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UnitedHealth Group Inc. must face litigation that it illegally restricted a CBS Sports Network employee's coverage for mental health expenses, a federal appeals court has ruled.
Jonathan Denbo, a New York-based brand marketing and strategy director at CBS Sports Network, and the New York State Psychiatric Association sued UnitedHealth and several subsidiaries in 2013, alleging that the Minnetonka, Minnesota-based health insurer violated federal laws by applying more restrictive coverage terms for mental health benefits than it applied to medical benefits.
Mr. Denbo — who suffers from dysthymic disorder, a type of depression, and generalized anxiety disorder — and the association alleged that UnitedHealth improperly denied coverage for his regular outpatient psychotherapy sessions with an out-of-network psychologist following a medical necessity review.
“In determining the medical necessity of Denbo's psychotherapy sessions, moreover, UnitedHealth applied review standards that were more restrictive than both generally accepted mental health standards and the standards United applied to medical claims under the CBS plan,” Mr. Denbo alleged.
The federal court dismissed the case, ruling that UnitedHealth cannot be held liable under the Mental Health Parity and Addiction Equity Act of 2008 and the Employee Retirement Income Security Act because it provides only third-party administrative services that support CBS Sports Network's self-insured group health plan.
Mr. Denbo and the association appealed.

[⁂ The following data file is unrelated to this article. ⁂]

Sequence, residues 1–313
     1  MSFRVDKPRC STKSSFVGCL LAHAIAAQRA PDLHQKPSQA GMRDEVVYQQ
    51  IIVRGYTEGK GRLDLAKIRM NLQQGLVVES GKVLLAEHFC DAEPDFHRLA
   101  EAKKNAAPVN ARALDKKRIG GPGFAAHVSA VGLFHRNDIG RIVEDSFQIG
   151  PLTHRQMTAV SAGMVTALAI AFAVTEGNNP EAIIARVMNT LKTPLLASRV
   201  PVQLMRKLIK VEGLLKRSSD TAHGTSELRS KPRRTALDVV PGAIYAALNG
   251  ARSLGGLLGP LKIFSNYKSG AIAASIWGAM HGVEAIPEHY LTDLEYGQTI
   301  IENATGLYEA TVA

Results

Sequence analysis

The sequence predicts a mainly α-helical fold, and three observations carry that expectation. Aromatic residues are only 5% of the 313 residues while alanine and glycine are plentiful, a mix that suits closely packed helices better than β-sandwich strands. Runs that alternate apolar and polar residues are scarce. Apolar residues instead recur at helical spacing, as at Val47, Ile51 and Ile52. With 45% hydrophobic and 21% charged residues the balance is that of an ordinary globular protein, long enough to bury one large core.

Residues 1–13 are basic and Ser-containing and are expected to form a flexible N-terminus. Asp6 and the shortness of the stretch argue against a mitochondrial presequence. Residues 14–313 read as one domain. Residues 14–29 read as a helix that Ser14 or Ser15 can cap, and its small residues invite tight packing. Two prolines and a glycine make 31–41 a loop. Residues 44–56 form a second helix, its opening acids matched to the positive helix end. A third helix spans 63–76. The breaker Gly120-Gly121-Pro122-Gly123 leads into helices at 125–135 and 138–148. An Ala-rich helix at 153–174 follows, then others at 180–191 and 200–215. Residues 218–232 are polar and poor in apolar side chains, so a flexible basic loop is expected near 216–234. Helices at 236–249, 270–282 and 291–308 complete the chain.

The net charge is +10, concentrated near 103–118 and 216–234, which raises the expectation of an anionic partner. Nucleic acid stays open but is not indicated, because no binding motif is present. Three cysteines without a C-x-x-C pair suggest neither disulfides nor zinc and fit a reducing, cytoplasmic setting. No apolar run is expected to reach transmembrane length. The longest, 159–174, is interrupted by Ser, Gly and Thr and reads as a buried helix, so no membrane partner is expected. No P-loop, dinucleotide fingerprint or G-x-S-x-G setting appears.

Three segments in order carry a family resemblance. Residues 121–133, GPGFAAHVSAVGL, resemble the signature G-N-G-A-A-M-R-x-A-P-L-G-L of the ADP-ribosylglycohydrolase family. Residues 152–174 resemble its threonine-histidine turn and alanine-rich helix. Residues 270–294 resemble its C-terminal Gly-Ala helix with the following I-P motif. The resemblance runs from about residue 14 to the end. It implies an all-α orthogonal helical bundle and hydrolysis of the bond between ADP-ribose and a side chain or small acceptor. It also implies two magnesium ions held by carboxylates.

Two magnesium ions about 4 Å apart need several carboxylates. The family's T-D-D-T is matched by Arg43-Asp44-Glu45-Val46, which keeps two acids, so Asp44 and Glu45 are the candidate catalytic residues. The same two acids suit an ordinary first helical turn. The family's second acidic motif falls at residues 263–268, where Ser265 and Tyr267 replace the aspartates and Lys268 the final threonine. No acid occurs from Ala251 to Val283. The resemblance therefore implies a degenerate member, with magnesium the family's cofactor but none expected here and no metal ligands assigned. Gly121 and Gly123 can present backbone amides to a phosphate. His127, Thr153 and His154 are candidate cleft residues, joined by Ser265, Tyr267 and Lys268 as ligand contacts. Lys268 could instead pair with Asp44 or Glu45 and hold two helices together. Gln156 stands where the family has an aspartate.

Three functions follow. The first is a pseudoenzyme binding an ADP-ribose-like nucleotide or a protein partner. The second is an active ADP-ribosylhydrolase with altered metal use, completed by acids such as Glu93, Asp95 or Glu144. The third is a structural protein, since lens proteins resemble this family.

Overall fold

On Thursday, a three-judge panel of the 2nd U.S. Circuit Court of Appeals in New York unanimously reversed the lower court's ruling.
“Here, UnitedHealth appears to have exercised total control over the CBS Plan's benefits denial process,” Judge Raymond Lohier wrote in the court's 23-page opinion. “It enjoyed 'sole and absolute discretion' to deny benefits and make 'final and binding' decisions as to appeals of those denials. And assuming that United's actions violated Mr. Denbo's rights under ERISA, UnitedHealth is the only entity capable of providing direct relief to Denbo.”
The 2nd Circuit panel also reversed the lower court's ruling that the New York State Psychiatric Association does not have standing to sue in this case.
“We consistently help people access proven mental health and substance abuse treatments to ensure they get the right care at the right time in the right setting,” a spokesman for UnitedHealth said in an email to Business Insurance. “While we are still reviewing the decision, we believe this opinion is inconsistent with the way this court has addressed similar cases in the past, so we are evaluating our options for further action.”
A growing number of employers have observed a persistent if not worsening workplace stigma associated with mental and behavioral health issues, according to a recent study by the Disability Management Employer Coalition.